Posted by: kevinliebl | January 8, 2010

Why I Resolve Not to Make a New Year’s Resolution…

New Year's ResolutionsAfter a week of listening to people share their New Year’s Resolutions, I am convinced I made the right decision to resolve not to make a New Year’s Resolution.  Don’t get me wrong.  I am a big supporter of making positive changes.  The problem I have is breaking resolutions.

The first issue is that waiting until January 1st to make a positive change, begs the question of whether there is a real commitment to the resolution.  If the resolution is important, than why wait until the first of the year to make the change?

However, the real problem with New Year’s Resolutions is the same issue that most of us have in business.  We commit to a change, a project, or a business initiative, but fail to commit to the planning that is necessary to execute properly.  It doesn’t matter if you are committing to lose weight, stop smoking, find a new job, implement a new CRM project or develop a new product line.  If you commit without a proper strategic plan, then you are destined to break your resolution.

The first step is to define your objective.  On a personal level, it may be to improve your health.  On the business side, it may be to improve your customer satisfaction.  Then you need to define your strategy.  If your goal is to improve your health, you may decide to lose weight.  If your goal is to improve your customer satisfaction, you may decide to create a stronger link with your customer base to improve communication.  Next, you need to define tactics to support your strategy.  In the case of the personal goal, you may decide to join a gym or take up running.  On the business side you may decide to implement an online community to create real-time dialog with your customers.  Finally, you need to set measureable milestones to reach your goal and then measure them along the way.  Without specific targets and a commitment to measuring progress, it is difficult to determine if the right efforts are being made.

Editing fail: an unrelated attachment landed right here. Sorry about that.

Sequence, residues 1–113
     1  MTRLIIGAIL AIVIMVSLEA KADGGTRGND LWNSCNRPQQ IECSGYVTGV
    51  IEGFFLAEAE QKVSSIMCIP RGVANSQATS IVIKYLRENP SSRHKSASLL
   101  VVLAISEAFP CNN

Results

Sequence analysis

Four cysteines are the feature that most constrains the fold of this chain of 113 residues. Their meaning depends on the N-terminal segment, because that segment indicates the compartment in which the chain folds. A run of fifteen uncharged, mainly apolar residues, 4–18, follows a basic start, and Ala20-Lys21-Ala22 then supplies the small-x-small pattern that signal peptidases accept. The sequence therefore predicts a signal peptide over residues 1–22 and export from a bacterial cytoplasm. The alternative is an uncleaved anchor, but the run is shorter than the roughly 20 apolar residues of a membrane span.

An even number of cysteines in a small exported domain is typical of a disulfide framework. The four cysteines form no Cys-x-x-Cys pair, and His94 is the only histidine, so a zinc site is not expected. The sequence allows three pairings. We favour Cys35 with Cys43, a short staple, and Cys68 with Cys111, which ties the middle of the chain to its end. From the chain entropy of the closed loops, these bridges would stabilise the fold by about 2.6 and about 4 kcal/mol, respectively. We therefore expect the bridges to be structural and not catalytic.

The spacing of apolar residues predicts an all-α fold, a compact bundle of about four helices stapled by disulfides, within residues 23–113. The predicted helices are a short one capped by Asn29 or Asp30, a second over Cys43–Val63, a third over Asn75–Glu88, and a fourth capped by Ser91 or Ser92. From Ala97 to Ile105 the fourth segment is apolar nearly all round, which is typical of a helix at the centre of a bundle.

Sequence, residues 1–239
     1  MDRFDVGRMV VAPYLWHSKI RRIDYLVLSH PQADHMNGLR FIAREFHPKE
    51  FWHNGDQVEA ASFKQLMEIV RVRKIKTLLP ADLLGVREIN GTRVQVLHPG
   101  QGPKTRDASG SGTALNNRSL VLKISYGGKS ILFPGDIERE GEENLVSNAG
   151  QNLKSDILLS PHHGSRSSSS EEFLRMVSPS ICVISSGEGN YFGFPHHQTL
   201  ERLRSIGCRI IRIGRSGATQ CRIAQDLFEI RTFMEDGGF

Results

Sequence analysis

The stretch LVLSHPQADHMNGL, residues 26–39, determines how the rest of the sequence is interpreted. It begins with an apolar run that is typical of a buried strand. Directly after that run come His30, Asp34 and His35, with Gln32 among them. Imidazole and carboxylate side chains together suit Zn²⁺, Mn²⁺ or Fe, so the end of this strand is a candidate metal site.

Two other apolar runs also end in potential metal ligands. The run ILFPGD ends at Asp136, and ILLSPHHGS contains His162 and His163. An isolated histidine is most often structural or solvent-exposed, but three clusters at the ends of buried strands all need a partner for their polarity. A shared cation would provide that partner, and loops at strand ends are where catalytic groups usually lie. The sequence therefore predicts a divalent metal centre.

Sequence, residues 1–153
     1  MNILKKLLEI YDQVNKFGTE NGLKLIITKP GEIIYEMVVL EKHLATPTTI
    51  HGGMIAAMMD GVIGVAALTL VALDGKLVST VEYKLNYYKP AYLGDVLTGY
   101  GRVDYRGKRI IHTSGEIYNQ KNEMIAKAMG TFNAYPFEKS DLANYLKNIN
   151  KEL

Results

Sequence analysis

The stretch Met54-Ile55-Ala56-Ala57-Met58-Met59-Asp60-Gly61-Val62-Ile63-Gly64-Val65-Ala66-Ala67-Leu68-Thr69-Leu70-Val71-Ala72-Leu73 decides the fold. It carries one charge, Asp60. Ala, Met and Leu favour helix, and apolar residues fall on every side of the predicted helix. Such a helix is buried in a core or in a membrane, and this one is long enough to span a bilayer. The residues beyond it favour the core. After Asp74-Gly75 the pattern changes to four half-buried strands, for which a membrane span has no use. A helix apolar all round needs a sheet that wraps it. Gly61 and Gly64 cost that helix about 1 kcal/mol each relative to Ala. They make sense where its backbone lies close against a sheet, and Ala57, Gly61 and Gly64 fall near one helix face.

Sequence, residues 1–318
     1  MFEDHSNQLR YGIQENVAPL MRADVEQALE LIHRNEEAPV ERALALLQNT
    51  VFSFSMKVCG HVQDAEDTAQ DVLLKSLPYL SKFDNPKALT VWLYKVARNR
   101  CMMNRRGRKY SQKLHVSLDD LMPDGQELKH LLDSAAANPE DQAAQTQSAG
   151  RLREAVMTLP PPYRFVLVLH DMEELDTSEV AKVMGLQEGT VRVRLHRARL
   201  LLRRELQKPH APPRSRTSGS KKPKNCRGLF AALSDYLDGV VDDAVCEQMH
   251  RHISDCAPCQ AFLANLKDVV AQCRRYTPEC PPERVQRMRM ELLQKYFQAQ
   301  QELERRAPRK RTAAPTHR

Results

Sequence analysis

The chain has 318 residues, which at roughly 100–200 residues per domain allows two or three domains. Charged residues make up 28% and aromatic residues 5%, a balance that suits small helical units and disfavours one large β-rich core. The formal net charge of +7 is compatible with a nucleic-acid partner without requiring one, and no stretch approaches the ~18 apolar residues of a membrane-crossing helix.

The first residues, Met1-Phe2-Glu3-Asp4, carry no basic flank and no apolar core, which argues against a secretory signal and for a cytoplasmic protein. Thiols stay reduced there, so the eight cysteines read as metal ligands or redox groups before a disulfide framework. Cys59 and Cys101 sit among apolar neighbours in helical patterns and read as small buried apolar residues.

It is also important to be prepared to make mid-course changes.  You may find that running by itself isn’t helping you reach your weight goal and you need to make improvements to your diet.  You may decide that the online community isn’t getting traction, and therefore, a more traditional customer satisfaction survey combined with a commitment to making substantial changes based on customer feedback is more appropriate.

The bottom line is that making a corporate commitment at a strategic planning session can be no more effective than resolving to lose weight after several cocktails on New Year’s Eve, unless you are prepared to commit to the balance of the process.  Strategic planning works, when implemented properly.  However, it fails miserably if implemented poorly.

This year I made a resolution to not make a New Year’s resolution, but rather to commit to the full process both on a personal and professional level.  Your thoughts?

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